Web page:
Anxiety, both health- and social-related, is not uncommon in seniors. Understanding what anxiety is, and how it might be caused, can help you determine how to support your loved one who may be struggling.
Common causes of anxiety in seniors
Among the senior population, certain conditions and life circumstances may be more likely to contribute to an anxiety disorder.
Anxiety can be common in seniors with dementia, and can present itself as sleep disturbances, poor cognitive function, behavioral problems, and poor quality of life. Seniors with both dementia and anxiety may experience fatigue, irritability, aggression, and restlessness. They may be anxious about being alone, having limited mobility, attending an upcoming event, and completing a daily task.
Disorders like OCD, PTSD, and GAD (Generalized Anxiety Disorder) can decrease physical health, emotional well-being, and performance of daily activities. OCD is marked by recurring thoughts and practices that the person cannot control. PTSD can occur after the person experiences a threat to their survival or safety, and someone with GAD may worry about everyday tasks and anticipate the worst in every situation.
Other things may contribute to anxiety such as loneliness, contracting sickness or disease, fear of falling or getting hurt, not feeling safe or secure, etc. With the pandemic, seniors may also feel anxious about COVID-19 and the health of themselves and their families.
How to identify anxiety in seniors
Anxiety can present in numerous ways and may look different from person to person. However, there are a few common indicators that your loved one may be struggling with anxiety.
● Physical signs. A few physical signs of anxiety may be shaky hands, difficulty breathing, chest pains, sweating, nausea/digestive problems, headaches, and difficulty eating (which can result in weight loss). It’s important to note any changes in your loved one’s health and check in with them frequently to see how they’re feeling.
● Behavioral changes. Keeping track of behavioral patterns can also help identify if your senior is experiencing anxiety. If your loved one begins to isolate themself, avoids certain activities, has trouble sleeping, becomes confused, or develops panic attacks, they may have anxiety.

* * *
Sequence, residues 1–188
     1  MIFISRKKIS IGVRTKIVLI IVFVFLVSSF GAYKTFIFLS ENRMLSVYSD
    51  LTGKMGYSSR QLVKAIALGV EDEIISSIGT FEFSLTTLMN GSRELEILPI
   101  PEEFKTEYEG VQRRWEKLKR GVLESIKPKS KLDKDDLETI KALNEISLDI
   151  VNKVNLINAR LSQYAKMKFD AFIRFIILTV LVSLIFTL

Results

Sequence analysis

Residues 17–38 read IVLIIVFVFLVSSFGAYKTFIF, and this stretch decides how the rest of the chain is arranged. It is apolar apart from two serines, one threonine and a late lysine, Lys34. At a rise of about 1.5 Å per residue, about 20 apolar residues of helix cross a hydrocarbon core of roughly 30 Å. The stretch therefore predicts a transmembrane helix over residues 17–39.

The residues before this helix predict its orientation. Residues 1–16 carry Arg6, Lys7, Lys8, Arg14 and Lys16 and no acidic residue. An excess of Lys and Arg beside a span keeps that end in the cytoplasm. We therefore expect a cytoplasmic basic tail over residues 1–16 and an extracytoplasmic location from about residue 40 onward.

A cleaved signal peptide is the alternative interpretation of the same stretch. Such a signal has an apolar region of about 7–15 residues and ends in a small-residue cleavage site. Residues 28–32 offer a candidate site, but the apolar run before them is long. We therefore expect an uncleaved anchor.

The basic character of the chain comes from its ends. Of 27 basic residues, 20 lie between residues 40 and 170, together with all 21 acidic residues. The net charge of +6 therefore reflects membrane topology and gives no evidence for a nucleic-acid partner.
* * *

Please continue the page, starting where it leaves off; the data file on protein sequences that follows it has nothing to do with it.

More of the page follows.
● Triggers. A trigger is something that reminds a person of something traumatic that happened to them before. These can be things such as having financial insecurities, beginning to feel loss of independence, recovering from an illness, changing medications, or developing a chronic medical condition. Triggers can come in various forms and will be different for every person.
Tips for treating anxiety in older adults
1. Engage them in stimulating hobbies.
One way to help your loved one is helping them identify activities that bring them joy. This might be doing puzzles, playing with toys they had as a child, learning to play an instrument, or watching their favorite TV shows.
2. Support them socially.
When seniors have a social support system, they will be less likely to feel lonely or disconnected from others. You can have loved ones visit them frequently, set up scheduled phone or video calls, or ensure they have someone to communicate with on a daily basis.There also may be senior programs available in their area that they can attend and meet new people.
3. Be an active listener and encourage expression of their emotions.
One big way to support your loved one with anxiety is simply listening to their feelings and assuring them that they are normal. Some seniors may feel that they’re a burden when they share their fears or anxieties, so encouraging them to express what they’re going through can be a way to help them through it.
Want to learn more about finding a senior living community for a loved one with anxiety? Welcome Home Senior Services & Placement Co. can help. Contact us today to speak with our senior placement specialists, who can connect you with any of the hundreds of Florida communities we represent.